A Shot of God

The pistol trembled in the eyes of the associate pastor. He couldn’t blame the woman for wanting to kill him. He had even thought of suicide himself, but for a strange reason he found that he did not want to die today. As tears crawled down her cheeks he surveyed the room. There was a door to his right just on the other side of the desk, his only way to life. The only other exit was behind her, behind the gun. As he stared at the gun he noticed beyond Abigail the picture of Jesus praying beside his tomb. He was instantly filled with anger. Jesus was the person that had gotten him a gun pointed directly at his head. Jesus was who had brought him so much pain and trouble. As he stared at the picture Abigail then again asked, “Why?”
When Hayden was 31 years old he had been appointed to the position of associate pastor at Hope Community Church. He had been attending since he was a newborn, and when ever he became a subject over dinner, most would agree that Hayden Lawson was meant to be a preacher. Being well spoken, smart, and Bible savvy had always made him a favorite among the leaders of the church. Of course, like most well liked people, Hayden had his secrets. These weren’t really eye opening, mouth dropping secrets, but they were secrets all the same. Hayden had his doubts about God, and as an assistant pastor, doubts about God were not looked upon in a positive way.
At the age of 25, Hayden had met his soul mate, Claire. They married when he was 26, and had always been happy with one another. When he told her that he didn’t want to continue being a lawyer she supported him. When he said that kids were something he wanted, but not then, she supported him. When he had accepted the job as assistant pastor, she supported him. No matter what, Claire had been there. However, at the age of 32, Hayden lost Claire forever. They had left a church business meeting, and were making their way home discussing some of the future plans of the church.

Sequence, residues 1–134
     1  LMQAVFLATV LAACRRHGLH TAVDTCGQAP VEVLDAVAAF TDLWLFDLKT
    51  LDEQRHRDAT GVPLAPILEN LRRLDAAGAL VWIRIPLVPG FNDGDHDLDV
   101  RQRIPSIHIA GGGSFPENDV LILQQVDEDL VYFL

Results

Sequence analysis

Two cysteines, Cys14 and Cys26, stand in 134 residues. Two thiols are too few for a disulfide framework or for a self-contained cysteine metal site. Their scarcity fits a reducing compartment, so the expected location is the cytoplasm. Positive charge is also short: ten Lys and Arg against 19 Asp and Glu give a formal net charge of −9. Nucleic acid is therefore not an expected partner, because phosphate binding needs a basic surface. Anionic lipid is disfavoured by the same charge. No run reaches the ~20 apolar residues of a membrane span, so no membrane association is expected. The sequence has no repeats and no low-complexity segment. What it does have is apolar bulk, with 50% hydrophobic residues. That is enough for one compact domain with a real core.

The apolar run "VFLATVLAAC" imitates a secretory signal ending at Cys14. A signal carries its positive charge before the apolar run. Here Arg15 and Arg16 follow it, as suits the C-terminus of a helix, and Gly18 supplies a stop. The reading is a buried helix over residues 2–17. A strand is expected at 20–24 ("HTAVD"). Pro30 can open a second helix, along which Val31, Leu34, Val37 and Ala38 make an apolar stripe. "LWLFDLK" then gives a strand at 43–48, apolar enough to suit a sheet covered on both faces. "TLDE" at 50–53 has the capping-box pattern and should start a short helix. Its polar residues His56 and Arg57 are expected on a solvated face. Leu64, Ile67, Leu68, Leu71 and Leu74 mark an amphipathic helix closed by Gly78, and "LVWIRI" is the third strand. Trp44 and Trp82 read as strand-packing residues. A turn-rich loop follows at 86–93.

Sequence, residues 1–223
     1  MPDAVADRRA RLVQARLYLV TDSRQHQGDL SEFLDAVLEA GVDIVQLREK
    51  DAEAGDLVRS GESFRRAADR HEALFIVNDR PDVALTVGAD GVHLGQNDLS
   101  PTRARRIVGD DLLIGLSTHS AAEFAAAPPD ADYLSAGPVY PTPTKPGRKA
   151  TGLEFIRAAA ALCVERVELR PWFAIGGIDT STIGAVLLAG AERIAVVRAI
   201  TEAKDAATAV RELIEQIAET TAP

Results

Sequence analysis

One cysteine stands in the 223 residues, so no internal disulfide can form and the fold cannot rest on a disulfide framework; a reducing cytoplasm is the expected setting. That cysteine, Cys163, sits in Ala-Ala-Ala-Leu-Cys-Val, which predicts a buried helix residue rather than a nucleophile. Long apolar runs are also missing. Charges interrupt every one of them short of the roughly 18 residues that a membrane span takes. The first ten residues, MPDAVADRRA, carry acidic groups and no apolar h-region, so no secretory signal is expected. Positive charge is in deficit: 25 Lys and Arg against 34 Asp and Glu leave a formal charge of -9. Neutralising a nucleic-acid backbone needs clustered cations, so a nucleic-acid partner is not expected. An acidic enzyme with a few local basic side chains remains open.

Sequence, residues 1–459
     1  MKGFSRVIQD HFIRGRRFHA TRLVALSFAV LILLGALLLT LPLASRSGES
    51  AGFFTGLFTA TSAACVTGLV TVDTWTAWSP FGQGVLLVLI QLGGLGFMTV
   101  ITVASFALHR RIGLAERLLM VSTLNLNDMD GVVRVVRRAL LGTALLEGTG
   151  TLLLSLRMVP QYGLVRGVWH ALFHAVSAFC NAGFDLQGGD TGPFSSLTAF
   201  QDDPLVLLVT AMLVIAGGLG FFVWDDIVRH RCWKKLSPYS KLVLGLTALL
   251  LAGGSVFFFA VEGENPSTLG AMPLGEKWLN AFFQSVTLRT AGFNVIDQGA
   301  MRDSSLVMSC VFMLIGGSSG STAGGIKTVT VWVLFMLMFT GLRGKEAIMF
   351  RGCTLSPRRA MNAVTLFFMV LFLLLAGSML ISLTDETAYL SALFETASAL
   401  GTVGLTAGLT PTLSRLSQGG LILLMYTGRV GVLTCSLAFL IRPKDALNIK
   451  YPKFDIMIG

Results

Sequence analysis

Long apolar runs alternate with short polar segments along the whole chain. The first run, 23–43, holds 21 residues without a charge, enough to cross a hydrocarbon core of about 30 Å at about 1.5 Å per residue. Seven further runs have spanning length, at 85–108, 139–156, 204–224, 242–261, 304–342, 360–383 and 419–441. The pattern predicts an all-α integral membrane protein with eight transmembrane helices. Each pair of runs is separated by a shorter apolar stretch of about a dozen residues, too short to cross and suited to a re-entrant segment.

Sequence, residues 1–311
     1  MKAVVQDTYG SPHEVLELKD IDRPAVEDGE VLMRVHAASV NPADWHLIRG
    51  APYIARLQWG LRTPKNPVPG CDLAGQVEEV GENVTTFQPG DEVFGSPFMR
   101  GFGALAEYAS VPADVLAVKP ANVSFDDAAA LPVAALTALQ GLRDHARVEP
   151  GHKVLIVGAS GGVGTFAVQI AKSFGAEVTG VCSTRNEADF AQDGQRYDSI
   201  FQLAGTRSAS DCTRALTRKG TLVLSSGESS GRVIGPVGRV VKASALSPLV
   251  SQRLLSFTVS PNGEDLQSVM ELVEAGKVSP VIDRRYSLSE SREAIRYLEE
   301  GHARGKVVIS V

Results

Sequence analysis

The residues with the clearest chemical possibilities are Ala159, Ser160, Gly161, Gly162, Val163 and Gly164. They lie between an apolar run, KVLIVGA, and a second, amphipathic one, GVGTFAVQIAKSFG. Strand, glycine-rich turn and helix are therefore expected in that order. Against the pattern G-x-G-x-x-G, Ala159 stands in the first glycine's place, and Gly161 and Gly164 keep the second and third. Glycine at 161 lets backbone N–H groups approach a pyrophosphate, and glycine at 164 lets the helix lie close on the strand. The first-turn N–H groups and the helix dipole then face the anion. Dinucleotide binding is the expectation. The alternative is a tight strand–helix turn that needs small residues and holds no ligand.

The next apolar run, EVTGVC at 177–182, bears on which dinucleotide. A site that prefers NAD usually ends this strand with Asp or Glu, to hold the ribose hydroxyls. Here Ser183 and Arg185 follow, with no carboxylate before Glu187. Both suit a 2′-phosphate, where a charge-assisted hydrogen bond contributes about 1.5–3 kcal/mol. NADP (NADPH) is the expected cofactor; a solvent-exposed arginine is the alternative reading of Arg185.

“An interactive program for the kids would be great to have during the services,” said Claire.
“You really think so,” Hayden questioned, “I’m worried that the children will be too much to handle for just Ms. Spinter, I mean, she is 64 years old.”
“I know, but—”
A drunk driver, owning a red Ford F-150 had ran a red light and struck the Lawson’s car. Claire died instantly, her last thoughts on defending an elderly woman. This was the beginning to Hayden’s doubt.
Weeks, months, years went by, and Hayden continued to slip from his once strong beliefs in the church. How could God, the man he had always supported and praised, the man he had dedicated his life to, take away one of the few gems left in the world. Hayden began to read essays online and books about the existence of God, the existence of a higher being. He read essays on the origins of God, why God is impossible, and what the future is for the few god fearing people left in the world. With each essay he read, with every word he devoured, he slowly inched his way into being a hypocrite. His shell was the strong, obedient associate pastor of Hope Community Church. His true self, was what he began to believe, was what he thought about when ever he was not on stage—a man who doubted the existence of God.
With his doubt came the realization that, if there is no God, then why be good? He began to go out of his way to sneak into bars on Tuesdays. Soon after, visits were stretched to Wednesdays with a prostitute mixed in. He gambled on Thursdays, and on Fridays, he was back at church, ready to council couples in need, to show them how to use God to fix their problems. Often on Sundays, he would get on his knees at the alter, and ask God to forgive him, to forgive his doubts, and to forgive all of his sins. He would then ask, “God. Please. Please give me a sign; please show me that you are real. Please show that what I do for you is actually worth something, is actually something that needs to be done. Hayden had become two different people. One was the highly respected religious leader; the second was a sinful, doubtful man.